Skateboard-related injuries account for an estimated 50,000 emergency department visits and 1,500 hospitalizations among children and adolescents each year in the U.S. In other words, skateboarding can be dangerous. There are ways to reduce the risks.
Proper safety gear: Whatever the board — long, short or street — and whatever the skateboarder's amount of experience, the American Academy of Pediatrics recommends that skateboarders wear proper safety gear:
A helmet that meets or exceeds the safety standards set by independent testing organizations. The helmet should be replaced at least every five years or sooner if damaged or outgrown. A properly fitting helmet:
Is flat on the head with the bottom edge parallel to the ground
Sits low on the forehead and covers the back of the head
Has side straps that form a "V" around each ear
Has a buckle that fastens tightly, allowing room for only two fingers between the helmet strap and the chin
Has pads that can be added to or removed from the inside, so the helmet fits snugly and does not move with shaking
Does not interfere with movement, vision or hearing
Wrist guards, which can reduce injuries by 90 percent
Elbow pads, which can reduce injuries by 80 percent
Knee pads, which can reduce injuries by 30 percent
Skating safety: For safety, the National Safety Council advises that skateboards must never be ridden in the street, regardless of traffic volume. "Skitching a ride," which is holding on to the side or rear of a moving vehicle while riding a skateboard, should never be done because the rider cannot accommodate a sudden stop or swerve of the vehicle.
Injuries: Skateboarding requires balance and agility, which is why you will never see me on one! First-time "boarders" (those skating for less than a week) account for one-third of the 50,000 skateboarding injuries treated each year in emergency departments, according to the NSC. Most skateboard injuries occur on public roads, sidewalks and in parking lots. Injuries are usually caused by falls and collisions. Sprains and fractures to the wrists and ankles are common.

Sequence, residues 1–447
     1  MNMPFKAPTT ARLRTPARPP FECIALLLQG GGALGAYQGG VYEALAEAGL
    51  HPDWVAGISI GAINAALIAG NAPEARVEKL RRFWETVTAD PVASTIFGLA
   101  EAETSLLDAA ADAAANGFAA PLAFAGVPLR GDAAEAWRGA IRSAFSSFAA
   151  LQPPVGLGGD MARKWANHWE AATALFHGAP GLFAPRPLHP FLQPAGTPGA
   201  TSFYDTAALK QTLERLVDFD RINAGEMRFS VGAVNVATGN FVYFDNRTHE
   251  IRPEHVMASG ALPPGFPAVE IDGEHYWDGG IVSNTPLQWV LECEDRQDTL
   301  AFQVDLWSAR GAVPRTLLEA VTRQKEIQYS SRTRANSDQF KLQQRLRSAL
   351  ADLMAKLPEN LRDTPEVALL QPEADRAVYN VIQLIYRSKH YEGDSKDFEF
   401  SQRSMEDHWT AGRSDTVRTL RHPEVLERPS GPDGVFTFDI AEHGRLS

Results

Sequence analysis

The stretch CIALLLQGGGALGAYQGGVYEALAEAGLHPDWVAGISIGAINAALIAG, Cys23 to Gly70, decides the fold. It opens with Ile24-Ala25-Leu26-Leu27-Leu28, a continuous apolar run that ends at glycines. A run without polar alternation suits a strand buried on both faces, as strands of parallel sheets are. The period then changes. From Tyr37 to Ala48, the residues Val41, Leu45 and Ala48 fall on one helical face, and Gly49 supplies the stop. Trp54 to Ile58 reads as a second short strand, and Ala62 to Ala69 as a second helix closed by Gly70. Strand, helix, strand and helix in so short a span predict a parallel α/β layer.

Concussions are serious – this I think everyone knows. A concussion is a traumatic brain injury that disrupts normal brain function. Symptoms may include headaches and problems with concentration, memory, balance and coordination. What I'm not sure everyone knows is that symptoms of a concussion may not be apparent right away and that a person with a concussion may report feeling better before his or her brain has adequately recovered. Prematurely returning to skateboarding after a concussion can be devastating. Second impact syndrome is when a second concussion occurs within weeks of the first concussion and causes diffuse cerebral swelling, brain herniation and death.
Age matters: Young children are at high risk of injury because their center of gravity is higher than that of older individuals and their neuromuscular system is not well developed, making them less able to protect themselves from injury. In addition, they are not able to judge their own skills and strength and not able to judge traffic. Children younger than 5-years-old should not ride skateboards and those 6-10 years old should be closely supervised while skateboarding.
Practice falling: If they rehearse falling, skateboarders can lessen their impact with the ground and decrease injuries. When starting to fall, they should crouch down on the skateboard so that they will not have as far to fall. They should try to land on the fleshy parts of the body rather than on their arms, and relax and roll.
My motherly advice: Don't do it.
My doctorly advice:
Skateboarding injuries can be reduced by using the appropriate safety equipment and following safety guidelines.
The AAP encourages more skateboarding parks in communities. Skate parks are preferred to home-constructed ramps and jumps and are more likely to be monitored. They also are most often set back from pedestrian and vehicle traffic.
All concussions are serious, and individuals with suspected concussions should see a doctor and not return to skateboarding before being cleared by a doctor.